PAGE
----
STEM Learning Must Go Beyond Memorizing Facts and Theories
By Steven Korte
There is a growing global demand for science, technology, engineering and math (STEM) professionals. At the same time, experts in science education are calling for students to become more “scientifically literate.” This call, however, is about more than filling jobs.
A basic understanding of scientific concepts, processes, and ways of thinking is critical for students to succeed in the world of today and tomorrow. According to the Organisation for Economic Co-operation and Development’s 2014 report on the results of the international PISA 2012 science assessment, “An understanding of science and technology is central to a young person’s preparedness for life in modern society.”
This means that students must go beyond memorizing science facts and theories; they must gain experience with the tools and practices of science. Technology can help. While technology alone does not create scientific understanding, it represents a key tool for promoting inquiry investigations.
A substantial body of research confirms the positive impact of inquiry-based instruction on students’ understanding of science, including substantially higher learning when compared to traditional instruction. Further, education experts specify that technology is most effective in supporting student learning in science when it is used in an inquiry context. Indeed, blending technology into data collection, analysis and visualization as part of inquiry-based instruction has been shown to deepen students’ understanding, and increase their motivation and interest in science.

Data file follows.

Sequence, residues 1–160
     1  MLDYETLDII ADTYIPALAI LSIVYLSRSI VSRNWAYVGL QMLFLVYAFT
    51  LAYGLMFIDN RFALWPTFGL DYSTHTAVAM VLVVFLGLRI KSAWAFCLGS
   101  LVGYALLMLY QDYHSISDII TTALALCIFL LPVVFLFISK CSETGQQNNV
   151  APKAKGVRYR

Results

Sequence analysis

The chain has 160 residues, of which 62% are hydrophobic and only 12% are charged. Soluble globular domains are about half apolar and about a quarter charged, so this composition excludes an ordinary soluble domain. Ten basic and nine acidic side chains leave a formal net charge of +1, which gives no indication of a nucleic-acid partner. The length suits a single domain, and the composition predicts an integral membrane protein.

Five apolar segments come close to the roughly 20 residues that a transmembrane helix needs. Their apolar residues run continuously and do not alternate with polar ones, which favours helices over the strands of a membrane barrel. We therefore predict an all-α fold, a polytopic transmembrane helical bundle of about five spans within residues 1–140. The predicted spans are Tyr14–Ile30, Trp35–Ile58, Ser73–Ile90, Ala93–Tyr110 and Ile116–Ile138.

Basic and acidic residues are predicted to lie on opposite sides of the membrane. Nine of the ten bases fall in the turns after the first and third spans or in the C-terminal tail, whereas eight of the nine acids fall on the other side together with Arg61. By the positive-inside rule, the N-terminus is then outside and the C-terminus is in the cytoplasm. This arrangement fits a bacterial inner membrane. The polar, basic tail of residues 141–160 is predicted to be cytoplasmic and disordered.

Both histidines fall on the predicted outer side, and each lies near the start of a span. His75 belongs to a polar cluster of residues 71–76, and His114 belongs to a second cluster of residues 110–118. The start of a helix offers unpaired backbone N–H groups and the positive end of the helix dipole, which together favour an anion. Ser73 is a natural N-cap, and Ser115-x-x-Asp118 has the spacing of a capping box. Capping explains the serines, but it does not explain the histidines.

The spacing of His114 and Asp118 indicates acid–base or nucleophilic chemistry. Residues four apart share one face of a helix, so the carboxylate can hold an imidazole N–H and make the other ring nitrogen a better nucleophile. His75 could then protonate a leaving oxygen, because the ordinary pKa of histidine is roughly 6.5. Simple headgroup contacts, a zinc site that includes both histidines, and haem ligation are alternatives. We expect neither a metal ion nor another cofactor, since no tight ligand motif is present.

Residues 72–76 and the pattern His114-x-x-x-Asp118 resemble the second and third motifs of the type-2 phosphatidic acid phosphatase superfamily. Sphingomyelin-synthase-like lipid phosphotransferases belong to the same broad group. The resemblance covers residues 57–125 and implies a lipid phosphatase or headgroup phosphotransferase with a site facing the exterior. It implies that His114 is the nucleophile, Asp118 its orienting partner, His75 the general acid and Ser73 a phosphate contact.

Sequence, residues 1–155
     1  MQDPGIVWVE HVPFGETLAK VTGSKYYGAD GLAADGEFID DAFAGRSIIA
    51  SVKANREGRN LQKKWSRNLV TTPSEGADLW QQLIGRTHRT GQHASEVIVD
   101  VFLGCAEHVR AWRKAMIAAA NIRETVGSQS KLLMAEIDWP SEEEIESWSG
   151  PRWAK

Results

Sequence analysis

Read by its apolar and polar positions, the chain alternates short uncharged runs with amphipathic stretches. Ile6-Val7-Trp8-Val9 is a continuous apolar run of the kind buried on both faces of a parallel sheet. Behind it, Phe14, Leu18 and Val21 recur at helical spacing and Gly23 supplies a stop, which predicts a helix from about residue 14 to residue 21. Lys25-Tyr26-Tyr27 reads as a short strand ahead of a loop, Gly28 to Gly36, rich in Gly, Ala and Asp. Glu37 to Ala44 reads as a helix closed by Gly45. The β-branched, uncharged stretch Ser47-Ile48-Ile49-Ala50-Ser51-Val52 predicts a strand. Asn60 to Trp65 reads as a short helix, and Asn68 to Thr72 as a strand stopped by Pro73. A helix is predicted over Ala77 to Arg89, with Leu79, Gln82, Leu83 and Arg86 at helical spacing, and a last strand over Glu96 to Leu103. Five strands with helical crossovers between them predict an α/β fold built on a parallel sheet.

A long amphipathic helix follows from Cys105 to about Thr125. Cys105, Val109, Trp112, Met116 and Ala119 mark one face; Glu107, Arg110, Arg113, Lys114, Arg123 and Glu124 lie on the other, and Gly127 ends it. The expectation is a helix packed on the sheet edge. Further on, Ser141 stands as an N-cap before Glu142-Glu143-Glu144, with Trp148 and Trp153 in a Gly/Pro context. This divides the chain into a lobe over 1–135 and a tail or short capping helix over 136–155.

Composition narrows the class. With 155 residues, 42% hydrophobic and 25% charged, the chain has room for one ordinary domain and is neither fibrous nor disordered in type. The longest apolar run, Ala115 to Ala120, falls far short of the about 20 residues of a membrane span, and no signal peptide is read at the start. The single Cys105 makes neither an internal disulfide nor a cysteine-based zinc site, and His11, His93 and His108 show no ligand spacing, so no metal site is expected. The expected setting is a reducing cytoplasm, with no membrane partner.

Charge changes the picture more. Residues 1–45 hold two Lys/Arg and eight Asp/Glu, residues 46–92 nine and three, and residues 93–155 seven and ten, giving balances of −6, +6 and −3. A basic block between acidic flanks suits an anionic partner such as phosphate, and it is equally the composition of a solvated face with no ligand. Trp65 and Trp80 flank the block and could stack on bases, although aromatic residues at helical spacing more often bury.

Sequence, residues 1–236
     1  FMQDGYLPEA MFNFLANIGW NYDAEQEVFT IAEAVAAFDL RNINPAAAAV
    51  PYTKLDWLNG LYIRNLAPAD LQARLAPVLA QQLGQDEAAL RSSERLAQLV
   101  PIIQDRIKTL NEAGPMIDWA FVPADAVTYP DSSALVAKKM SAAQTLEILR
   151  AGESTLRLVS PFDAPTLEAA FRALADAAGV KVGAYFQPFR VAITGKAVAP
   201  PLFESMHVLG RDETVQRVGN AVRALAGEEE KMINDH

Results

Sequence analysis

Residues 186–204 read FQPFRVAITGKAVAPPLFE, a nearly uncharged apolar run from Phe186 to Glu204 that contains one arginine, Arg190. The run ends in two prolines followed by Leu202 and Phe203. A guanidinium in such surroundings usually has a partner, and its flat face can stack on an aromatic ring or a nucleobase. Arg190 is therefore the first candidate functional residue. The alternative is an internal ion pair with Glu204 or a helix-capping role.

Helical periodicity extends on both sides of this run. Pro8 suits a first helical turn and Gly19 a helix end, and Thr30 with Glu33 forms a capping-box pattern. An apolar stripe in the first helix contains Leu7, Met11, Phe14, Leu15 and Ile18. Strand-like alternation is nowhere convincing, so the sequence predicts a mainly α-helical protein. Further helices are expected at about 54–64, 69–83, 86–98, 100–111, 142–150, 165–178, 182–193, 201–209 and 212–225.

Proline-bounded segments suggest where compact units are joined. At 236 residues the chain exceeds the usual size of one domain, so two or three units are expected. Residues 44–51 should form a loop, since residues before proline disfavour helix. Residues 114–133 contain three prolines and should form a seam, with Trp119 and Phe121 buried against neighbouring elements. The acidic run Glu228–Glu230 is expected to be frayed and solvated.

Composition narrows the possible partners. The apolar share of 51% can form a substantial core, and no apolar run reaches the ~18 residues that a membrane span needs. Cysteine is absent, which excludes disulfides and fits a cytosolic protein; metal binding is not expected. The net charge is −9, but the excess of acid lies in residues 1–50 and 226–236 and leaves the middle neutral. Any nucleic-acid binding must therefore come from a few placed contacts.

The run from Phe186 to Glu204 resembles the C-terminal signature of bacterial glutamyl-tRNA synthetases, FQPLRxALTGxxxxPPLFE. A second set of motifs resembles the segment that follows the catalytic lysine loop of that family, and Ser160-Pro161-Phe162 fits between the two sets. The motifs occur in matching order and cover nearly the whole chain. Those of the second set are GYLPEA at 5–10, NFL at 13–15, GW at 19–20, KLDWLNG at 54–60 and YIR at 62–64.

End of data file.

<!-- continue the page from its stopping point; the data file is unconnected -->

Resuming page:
Districts transitioning to or implementing STEM programs should consider the following points:
- Lab investigations and technology tools should be connected with classroom experiences, including lectures, readings and discussions. Lab experiences and technology are much more effective when fully integrated into the curriculum and the flow of classroom science lessons.
- Whether teachers choose to use a structured, guided or open inquiry format, lab activities should give students the opportunity to apply the scientific process to their learning. These activities should allow them to question and investigate; make predictions; collect, analyze and interpret data; refine their questions; and engage in argumentation from evidence. This builds problem-solving and higher-order thinking skills, as well as “soft skills” such as communication and collaboration.
- Inquiry-based investigations inside and outside the classroom should engage students in real-life scientific and engineering practices. Students should also have the opportunity to use real-world tools to make data meaningful for them while they “do” science.
- Traditional labs can be time-consuming and classroom sets of industry equipment can be prohibitively expensive. Be sure that lab investigations and technology tools are specifically designed for instructional use to save time and money, and reduce frustration. For example, traditional cell respiration labs are typically complex and inaccurate. In a respiration lab activity built to facilitate student understanding, the setup for a carbon dioxide or oxygen gas sensor should be simple, so accurate data can collected in minutes with minimal frustration.